Tuesday, April 5, 2011

Minnesota DWIs - Physical Control (Explained)

In 2008, almost 36,000 DWI convictions were logged in the State of Minnesota.  That same inventory reported that nearly 1 in 8 adult Minnesotans have a DWI on their criminal record.

That being said, as you may well be aware, it's not against the law to drink and drive.  Yes - you heard it here - you can drink and drive and not be charged with a crime. 

So, what is it that gets you arrested for Drunk Driving?  Minnesota's DWI law makes it a crime to:

Drive, Operate, or be in Physical Control of any motor vehicle - anywhere in the state while: 
  • under the influence of alcohol, a controlled substance, or (knowingly) a hazardous substance, or any combination of these;
  • having an alcohol concentration (AC) of .08 (.08 is defined as .08 percent alcohol concentration or 8/10,000ths by volume) or more at the time, or within two hours of driving, operating, or in physical control;
  • having any amount of a schedule I or schedule II controlled substance (other than marijuana) in the body; or
  • if the vehicle is a commercial motor vehicle, having an alcohol concentration of .04 or more at the time, or within two hours of driving, operating, or in physical control or a motor vehicle.
As with any well (or poorly) written law, there are any number of terms that only a Minnesota DWI Attorney could love. Sure, the terms "drive" and (to an extent) "operate" are fairly straight forward, but, what about "physical control" - what could that mean.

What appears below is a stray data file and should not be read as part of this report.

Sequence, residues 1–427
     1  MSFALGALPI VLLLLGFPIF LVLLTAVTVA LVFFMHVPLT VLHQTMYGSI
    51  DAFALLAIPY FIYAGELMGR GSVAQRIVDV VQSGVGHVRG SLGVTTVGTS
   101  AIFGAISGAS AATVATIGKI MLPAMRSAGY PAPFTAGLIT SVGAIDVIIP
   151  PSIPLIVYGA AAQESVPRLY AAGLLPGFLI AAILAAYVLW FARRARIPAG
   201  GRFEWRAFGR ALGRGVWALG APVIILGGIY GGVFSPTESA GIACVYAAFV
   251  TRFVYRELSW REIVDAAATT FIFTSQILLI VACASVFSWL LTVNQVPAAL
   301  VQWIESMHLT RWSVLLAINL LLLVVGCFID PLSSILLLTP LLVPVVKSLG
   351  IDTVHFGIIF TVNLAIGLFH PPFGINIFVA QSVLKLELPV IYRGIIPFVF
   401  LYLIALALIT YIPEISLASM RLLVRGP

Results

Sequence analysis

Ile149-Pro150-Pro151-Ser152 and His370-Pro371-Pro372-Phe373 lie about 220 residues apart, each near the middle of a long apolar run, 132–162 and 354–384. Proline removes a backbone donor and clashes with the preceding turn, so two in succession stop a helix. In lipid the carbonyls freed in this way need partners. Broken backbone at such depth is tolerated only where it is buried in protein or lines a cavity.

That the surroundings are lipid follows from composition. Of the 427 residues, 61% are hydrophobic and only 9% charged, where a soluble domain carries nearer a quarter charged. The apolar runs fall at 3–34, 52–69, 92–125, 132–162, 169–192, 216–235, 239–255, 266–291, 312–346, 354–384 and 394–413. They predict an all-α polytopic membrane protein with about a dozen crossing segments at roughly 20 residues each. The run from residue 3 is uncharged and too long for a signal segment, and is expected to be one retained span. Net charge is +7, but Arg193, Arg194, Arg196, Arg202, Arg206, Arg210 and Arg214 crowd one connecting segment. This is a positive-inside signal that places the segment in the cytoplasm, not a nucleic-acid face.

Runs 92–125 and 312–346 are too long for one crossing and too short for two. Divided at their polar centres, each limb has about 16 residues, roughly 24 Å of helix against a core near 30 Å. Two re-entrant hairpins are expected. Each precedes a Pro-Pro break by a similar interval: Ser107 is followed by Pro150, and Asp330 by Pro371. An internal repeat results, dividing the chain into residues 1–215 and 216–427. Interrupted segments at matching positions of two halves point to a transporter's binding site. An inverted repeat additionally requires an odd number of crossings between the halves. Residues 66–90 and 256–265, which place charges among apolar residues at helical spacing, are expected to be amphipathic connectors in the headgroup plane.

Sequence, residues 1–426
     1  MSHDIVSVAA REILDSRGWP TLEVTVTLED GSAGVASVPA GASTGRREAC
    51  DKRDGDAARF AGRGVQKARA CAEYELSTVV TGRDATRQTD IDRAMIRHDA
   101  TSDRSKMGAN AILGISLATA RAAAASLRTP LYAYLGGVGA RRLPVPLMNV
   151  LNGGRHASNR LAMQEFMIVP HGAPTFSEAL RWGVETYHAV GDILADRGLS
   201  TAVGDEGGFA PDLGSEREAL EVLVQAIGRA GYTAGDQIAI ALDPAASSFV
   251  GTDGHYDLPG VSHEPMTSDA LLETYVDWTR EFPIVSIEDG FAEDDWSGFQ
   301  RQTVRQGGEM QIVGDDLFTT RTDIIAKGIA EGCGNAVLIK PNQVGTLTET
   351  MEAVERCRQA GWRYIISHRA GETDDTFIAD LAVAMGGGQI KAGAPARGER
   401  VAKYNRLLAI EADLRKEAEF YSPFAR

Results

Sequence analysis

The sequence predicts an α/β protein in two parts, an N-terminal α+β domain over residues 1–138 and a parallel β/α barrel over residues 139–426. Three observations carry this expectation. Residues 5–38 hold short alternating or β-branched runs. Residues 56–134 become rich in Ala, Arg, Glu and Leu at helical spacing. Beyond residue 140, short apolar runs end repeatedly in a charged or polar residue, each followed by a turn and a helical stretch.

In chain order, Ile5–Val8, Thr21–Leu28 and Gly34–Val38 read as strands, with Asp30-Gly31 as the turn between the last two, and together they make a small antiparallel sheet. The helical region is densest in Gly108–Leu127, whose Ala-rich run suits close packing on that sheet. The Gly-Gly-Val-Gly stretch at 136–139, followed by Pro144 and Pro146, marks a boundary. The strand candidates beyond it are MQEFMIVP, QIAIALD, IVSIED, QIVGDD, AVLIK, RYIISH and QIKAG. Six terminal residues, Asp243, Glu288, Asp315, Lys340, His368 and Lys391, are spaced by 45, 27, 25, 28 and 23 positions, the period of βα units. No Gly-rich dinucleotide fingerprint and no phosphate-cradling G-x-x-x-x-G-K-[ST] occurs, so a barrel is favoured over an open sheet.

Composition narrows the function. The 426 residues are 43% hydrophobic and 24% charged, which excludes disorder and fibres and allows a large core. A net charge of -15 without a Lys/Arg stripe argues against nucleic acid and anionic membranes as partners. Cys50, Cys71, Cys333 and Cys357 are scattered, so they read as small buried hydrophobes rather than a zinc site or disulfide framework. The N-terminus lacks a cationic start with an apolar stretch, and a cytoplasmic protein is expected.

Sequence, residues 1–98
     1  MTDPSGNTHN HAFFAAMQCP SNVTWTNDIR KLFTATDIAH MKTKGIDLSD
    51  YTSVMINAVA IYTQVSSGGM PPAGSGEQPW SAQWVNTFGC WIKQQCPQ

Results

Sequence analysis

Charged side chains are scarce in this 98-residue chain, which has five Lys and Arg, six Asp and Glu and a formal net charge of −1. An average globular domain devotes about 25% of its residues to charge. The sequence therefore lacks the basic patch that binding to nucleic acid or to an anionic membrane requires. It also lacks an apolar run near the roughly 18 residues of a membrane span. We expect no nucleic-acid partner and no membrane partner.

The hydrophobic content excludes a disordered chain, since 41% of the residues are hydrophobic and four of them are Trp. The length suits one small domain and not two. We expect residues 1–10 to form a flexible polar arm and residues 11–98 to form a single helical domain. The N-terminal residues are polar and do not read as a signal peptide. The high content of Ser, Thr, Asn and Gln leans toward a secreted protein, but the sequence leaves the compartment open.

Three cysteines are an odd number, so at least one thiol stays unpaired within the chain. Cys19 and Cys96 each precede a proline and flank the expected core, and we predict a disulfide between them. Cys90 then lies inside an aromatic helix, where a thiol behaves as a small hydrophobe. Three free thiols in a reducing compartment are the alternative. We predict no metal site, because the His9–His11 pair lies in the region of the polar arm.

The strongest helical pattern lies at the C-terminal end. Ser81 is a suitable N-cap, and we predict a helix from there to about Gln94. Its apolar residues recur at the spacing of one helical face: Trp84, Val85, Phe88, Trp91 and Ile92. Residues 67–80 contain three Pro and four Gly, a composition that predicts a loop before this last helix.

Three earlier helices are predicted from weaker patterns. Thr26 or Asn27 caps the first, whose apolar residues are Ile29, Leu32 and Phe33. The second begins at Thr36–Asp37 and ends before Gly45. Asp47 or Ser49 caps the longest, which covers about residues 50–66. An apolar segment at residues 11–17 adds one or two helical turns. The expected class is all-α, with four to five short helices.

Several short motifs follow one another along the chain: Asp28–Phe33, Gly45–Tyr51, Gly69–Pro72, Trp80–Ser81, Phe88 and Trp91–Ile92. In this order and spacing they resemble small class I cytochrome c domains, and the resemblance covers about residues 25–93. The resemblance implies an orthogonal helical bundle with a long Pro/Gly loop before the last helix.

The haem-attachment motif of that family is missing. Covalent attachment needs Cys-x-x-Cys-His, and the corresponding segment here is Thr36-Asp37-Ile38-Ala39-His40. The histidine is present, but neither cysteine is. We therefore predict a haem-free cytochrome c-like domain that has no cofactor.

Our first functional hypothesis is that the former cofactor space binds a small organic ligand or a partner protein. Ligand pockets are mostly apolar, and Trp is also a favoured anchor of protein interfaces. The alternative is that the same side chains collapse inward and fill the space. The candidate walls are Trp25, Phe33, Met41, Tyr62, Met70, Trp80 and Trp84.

Physical Control

In an attempt to keep as many people who have been drinking from getting into their vehicles and driving, the Minnesota Supreme Court has interpreted the term "physical control" quite broadly - incorporating conduct that would only make sense to a judge and/or a lawyer.

Such as, did you know - an intoxicated person who has been found in a parked car, with the keys in his or her pocket, is in "physical control" and can arrested and charged with a Minnesota DWI. Or, that someone standing behind their vehicle, which was running, is in physical control of that vehicle - even though it had a flat tire - when the keys were located in the ignition, and no one else was around.

Whether or not someone is in "physical control" of a vehicle is a very fact-specific question. One way to refute the "rush to judgement" of the government - is to speak to an experienced Minnesota DWI AttorneyRemember, just because you've been charged with s crime does not mean you will be found guilty.

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